In the hours and days following the election, the illegally-appointed Supreme Electoral Tribunal committed fraud by announcing a voter turnout that was indisputably more than 12 percentage points higher than its own officially-published numbers. The doctored higher figure was cited repeatedly by Lobo, Secretary of State Clinton, and other friendly faces to legitimize the disputed ballot. Many Honduran and foreign observers argue that later international support for the Lobo Administration will eventually ensure the invalidation of Zelaya’s most important reforms. This support will guarantee long-term repression and a growing degree of tight-fisted control in the country, as well as endangering democratic institutions and social justice reforms throughout the hemisphere as the result of an echo effect.
Though State Department officials insist that the Honduras election process was transparent, in fact, no international observers were present to confirm the tally because—as announced by U.N. Secretary General Ban Ki-Moon on September 23rd—the conditions for a free and fair election were not present. A scathing 147-page report released Wednesday, January 20th, by the Inter-American Human Rights Commission corroborates this, citing a litany of well-documented human rights abuses, including numerous political assassinations committed prior to, and following the election. The report describes a militarized environment in which dissonant or critical opinions have been officially prohibited in “an egregious, arbitrary, unnecessary and disproportionate restriction, in violation of international law, of the right of every Honduran to express himself or herself freely, and to receive information from a plurality and diversity of sources.”
While no official international observers were on the ground election day, the National Democratic Institute (NDI) and the International Republican Institute (IRI) sent “monitors” to oversee the Honduran election that the OAS and Carter Center had refused to legitimize with their presence. Both the NDI and IRI are funded by the U.S. Congress through a highly conservative Reagan-era umbrella organization, the National Endowment for Democracy (NED). The archly conservative IRI has supported efforts implicated in the ousting of democratically-elected presidents in Haiti and Venezuela in recent years. The day of the election, the NDI had its monitors caught on tape refusing to discuss police violence, which they had witnessed outside the polls in Honduras’ industrial city of San Pedro Sula.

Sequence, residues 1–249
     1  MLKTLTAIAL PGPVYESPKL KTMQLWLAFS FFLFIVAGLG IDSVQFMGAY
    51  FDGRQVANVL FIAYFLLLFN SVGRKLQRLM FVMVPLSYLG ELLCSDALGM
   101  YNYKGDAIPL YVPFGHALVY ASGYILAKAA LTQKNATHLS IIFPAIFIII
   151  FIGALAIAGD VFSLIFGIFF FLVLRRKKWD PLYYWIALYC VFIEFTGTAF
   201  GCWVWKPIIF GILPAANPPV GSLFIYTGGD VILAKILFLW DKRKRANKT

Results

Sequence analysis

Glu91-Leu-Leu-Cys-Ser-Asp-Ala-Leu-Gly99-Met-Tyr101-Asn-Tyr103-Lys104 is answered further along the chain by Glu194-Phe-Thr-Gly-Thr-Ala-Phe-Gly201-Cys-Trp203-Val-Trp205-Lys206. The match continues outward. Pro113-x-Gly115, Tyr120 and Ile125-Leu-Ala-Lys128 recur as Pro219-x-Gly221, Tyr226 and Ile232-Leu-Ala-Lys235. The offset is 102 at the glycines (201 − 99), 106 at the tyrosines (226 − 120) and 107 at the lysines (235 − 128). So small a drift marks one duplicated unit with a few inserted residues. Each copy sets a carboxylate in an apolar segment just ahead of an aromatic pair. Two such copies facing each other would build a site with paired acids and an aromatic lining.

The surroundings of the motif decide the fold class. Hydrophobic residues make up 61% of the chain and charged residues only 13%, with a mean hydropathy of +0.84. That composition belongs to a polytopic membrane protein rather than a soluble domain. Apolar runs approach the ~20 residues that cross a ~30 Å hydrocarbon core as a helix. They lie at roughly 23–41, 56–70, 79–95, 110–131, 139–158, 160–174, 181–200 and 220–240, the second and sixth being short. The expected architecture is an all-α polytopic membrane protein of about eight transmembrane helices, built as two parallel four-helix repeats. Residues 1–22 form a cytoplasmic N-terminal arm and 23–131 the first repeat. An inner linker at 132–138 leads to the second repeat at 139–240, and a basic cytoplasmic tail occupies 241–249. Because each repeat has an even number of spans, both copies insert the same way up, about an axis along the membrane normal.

The parallels between Honduras and Haiti are striking; each country has been saddled by a history of undeserved debt—an enduring legacy of colonialism—and in each country’s case (after over a century of often U.S.-installed dictatorships) an elected president who was responsibly engaged with bringing social justice to its citizens, was evicted from office. The vehicle for this was a military coup at least tacitly backed by Washington. By aiding the foes of Manual Zelaya in Honduras and Haiti’s Jean-Bertrand Aristide, Washington indirectly or directly ousted from power those who had been prepared to protect public resources from the pressing demands of the IMF for privatization, and shrink the public sector infrastructure of both countries. The skewed development of these countries, as well as guidance from private entities and the U.S. government, subjected the national interests of Haiti and Honduras to be hostage to the view of these outsiders. This is a situation that could turn the smallest windstorm into a hurricane, when it comes to a natural disaster’s impacts on the average resident and outside political manipulations.